Rangers need major shakeup this summer to avoid history repeating itself after conference final loss to Panthers

Rangers Mika Zibanejad
New York Rangers center Mika Zibanejad (93) kneels on the ice after his team lost Game 6 to the Florida Panthers in the Eastern Conference finals of the NHL hockey Stanley Cup playoffs Saturday, June 1, 2024, in Sunrise, Fla. (AP Photo/Lynne Sladky)

A Presidents’ Trophy is nice. So are new franchise records for wins (55) and points (114) but at the end of the day, the final puzzle piece for the New York Rangers remains elusive. 

The Blueshirts’ season ended late Saturday night in Sunrise, FL following a 2-1 loss in Game 6 of the Eastern Conference Finals to the Florida Panthers — a clearly superior team returning to the Stanley Cup Final for a second straight season. Paul Maurice’s relentless, organized side outworked and overwhelmed the Rangers, who were nothing short of pedestrian across the final two games of their season.

They did not score an even-strength goal in Games 5 and 6. A lack of offensive attack in 5-on-5 play plagued them all season — they were mediocre, at best, in that department — but it was exacerbated in this series when their top-tier power play dried up, going 1-for-15 across the six games. 

Their established stars were practically no-shows, too. Chris Kreider and Artemi Panarin scored just one goal apiece while Mika Zibanejad and Adam Fox did not find the back of the net. Look no further into why the Rangers did not score more than two goals in Games 4, 5, and 6.

Such struggles put further pressure on the steady shoulders of goaltender Igor Shesterkin, who was brilliant once again but is saddled with an unfair series loss. He faced 49 more shots than Panthers netminder Sergei Bobrovsky in the series and only allowed two more goals, saving 186 of the 200 shots he faced for a sterling .930 save percentage. 

Help was limited and at times non-existent from his defense, which was no more evident than on the Panthers’ opening goal in Game 6. Florida forward Sam Bennett collected the puck at the Rangers’ blue line with teammate Evan Rodrigues mere feet away on the left boards. Rather than play the puck, New York defenseman Jacob Trouba puzzlingly attempted to throw a hip check on Rodrigues, which would have been an interference penalty had he made decent contact. Instead, the out-of-position blueliner whiffed and the Panthers’ duo played a 1-2 before Bennett sniped a wrister to put the shots ahead with 48.5 seconds to go in the first period.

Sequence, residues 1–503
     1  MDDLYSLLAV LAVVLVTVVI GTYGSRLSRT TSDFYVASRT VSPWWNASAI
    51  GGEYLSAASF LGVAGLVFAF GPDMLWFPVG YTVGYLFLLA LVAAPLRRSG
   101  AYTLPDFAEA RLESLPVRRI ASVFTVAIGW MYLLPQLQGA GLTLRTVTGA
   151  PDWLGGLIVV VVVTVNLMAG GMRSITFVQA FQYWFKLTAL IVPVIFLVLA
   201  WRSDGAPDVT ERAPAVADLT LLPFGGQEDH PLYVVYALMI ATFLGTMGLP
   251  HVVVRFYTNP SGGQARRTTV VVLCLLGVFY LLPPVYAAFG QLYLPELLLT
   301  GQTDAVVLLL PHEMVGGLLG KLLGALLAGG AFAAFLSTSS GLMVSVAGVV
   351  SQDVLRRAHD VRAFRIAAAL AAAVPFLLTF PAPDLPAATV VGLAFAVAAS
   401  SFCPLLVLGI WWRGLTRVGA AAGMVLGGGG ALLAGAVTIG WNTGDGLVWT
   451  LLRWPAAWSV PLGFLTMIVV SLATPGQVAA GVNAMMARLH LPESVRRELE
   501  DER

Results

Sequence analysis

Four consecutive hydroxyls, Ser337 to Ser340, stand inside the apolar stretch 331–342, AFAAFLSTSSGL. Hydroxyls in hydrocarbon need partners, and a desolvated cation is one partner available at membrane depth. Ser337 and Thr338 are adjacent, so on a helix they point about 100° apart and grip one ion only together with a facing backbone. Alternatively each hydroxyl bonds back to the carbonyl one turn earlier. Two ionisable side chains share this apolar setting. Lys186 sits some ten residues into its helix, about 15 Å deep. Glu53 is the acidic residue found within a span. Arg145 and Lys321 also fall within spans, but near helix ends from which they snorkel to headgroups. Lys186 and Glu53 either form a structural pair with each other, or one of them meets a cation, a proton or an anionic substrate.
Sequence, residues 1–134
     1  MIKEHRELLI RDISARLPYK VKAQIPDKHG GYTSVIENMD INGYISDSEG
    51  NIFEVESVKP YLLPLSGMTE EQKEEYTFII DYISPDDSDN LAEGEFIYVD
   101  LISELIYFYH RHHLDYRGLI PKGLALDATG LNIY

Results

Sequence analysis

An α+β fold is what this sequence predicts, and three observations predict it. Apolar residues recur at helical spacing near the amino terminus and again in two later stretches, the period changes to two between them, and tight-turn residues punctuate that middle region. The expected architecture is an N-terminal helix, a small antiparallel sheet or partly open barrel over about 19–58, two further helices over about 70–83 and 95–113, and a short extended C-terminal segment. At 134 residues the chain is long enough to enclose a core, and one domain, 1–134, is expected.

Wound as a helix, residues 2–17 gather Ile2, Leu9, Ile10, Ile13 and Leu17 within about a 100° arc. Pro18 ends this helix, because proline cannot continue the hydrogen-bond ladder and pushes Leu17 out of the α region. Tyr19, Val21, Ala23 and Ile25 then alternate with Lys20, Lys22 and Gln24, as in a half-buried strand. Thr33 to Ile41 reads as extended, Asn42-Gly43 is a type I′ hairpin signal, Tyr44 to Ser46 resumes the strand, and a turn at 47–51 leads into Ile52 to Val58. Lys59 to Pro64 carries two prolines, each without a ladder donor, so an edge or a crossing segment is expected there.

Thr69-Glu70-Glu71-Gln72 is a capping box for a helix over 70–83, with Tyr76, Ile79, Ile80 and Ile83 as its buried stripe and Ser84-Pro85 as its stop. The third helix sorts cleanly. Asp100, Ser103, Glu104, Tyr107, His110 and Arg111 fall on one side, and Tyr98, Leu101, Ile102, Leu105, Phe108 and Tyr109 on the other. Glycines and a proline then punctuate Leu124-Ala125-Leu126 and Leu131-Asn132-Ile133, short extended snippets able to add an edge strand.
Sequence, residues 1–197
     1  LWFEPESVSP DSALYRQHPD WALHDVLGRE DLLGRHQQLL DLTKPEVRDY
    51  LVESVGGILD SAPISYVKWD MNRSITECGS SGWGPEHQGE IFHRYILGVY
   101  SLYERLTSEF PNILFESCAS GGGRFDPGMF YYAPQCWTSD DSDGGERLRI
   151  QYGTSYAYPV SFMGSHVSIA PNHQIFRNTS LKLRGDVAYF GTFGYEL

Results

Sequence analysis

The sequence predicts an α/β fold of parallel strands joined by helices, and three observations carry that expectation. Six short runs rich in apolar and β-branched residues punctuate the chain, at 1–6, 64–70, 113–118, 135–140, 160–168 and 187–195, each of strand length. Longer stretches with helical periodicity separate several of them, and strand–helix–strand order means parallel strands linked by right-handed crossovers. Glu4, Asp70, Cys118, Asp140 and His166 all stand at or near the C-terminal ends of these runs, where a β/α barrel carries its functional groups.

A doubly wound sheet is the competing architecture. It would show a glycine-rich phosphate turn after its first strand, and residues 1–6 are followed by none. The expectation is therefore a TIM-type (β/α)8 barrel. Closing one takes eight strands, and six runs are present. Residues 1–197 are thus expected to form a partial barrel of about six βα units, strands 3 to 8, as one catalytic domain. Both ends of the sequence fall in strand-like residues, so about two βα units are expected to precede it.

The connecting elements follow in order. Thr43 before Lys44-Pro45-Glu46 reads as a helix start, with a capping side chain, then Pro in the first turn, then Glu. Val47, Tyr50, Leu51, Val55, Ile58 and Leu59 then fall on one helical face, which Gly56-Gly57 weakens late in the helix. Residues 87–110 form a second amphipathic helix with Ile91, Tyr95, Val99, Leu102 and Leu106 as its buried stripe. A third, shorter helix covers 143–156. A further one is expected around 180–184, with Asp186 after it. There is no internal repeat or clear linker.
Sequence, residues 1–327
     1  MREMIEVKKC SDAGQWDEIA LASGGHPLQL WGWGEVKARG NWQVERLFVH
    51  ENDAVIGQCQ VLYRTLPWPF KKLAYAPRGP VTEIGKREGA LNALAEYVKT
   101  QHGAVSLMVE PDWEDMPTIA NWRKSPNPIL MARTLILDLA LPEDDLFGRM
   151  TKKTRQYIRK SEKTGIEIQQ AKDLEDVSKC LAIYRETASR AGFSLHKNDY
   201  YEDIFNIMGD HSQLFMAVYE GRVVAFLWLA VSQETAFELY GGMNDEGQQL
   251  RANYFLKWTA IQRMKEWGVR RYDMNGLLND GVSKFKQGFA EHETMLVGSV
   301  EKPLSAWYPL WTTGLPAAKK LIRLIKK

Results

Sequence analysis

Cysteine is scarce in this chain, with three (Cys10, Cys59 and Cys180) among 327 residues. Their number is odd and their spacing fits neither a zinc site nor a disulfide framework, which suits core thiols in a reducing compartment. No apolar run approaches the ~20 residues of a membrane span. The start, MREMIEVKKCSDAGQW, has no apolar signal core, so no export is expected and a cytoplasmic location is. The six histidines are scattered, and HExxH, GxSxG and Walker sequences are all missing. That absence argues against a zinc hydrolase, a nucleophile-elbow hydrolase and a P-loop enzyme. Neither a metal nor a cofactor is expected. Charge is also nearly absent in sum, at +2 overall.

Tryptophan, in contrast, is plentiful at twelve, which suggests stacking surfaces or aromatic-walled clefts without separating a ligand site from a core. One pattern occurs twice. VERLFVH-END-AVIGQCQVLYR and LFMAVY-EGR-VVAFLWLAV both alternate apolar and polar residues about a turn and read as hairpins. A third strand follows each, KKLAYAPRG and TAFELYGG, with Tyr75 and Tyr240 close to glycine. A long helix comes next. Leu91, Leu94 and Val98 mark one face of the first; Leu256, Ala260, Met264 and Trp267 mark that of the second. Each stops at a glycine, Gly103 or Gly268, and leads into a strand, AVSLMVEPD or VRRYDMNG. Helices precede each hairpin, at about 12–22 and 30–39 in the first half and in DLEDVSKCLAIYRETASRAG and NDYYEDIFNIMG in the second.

New York Rangers goaltender Igor Shesterkin (31) shakes hands with Florida Panthers goaltender Sergei Bobrovsky, right, after the Panthers won Game 6 to win the Eastern Conference finals of the NHL hockey Stanley Cup playoffs Saturday, June 1, 2024, in Sunrise, Fla. (AP Photo/Lynne Sladky)

That kind of play from a player advertised as a heart-and-soul leader sparks flashbacks to the sort of lackadaisical play exhibited by the Rangers for the majority of two decades while Henrik Lundqvist was manning the crease. The Hall-of-Famer anchored and often carried New York to the playoffs and even an Eastern Conference championship, but the pieces in front of him were never good enough to reach the mountaintop. 

Shesterkin could be resigned to the same fate if general manager Chris Drury does not address this offseason aggressively. 

Simply put, the Rangers do not have the “it” factor that can win them a championship and it is up to Drury to find it and move out of the shadow of a roster that still looks a lot like the one built by former GM Jeff Gorton.

Trouba does not produce at the level of a defenseman making $8 million per year considering his calling card is playing a physical game that toes the line of the sport’s legality.

The same can be debated about Zibanejad, who makes $8.5 million annually. Can he be the No. 1 center on a Stanley Cup-caliber team? Not with performances like what was seen in the conference final.

Kreider is also making $6.5 million per year and while his memorable hat trick in the second round clinched a series win over the Carolina Hurricanes, just one goal in the conference final leaves a sour taste in New Yorkers’ mouths.

Perhaps there is a lesson Drury can take from the Panthers. After they won the Presidents’ Trophy in 2021-22 and were eliminated in the second round by the Tampa Bay Lightning, Florida GM Bill Zito traded away leading scorer Jonathan Huberdeau and one of his best defensemen in MacKenzie Weegar to the Calgary Flames for Matthew Tkachuk, who has become the focal point of back-to-back conference-winning teams. 

On the flip side and across town, Islanders president and general manager Lou Lamoriello remained too loyal to the majority of a roster that made back-to-back Stanley Cup semifinals in 2020 and 2021. Over the last three years, they missed the playoffs once and were bounced from the first round twice.

The Rangers have more firepower than the Islanders, though. Fox and Shesterkin are generational talents at their position. Panarin is also becoming one of the most prolific playmakers the franchise has ever seen. A roster blow-up is not needed, but there has to be at least one big move needed to shake up a team that must find another level to meet their high expectations.

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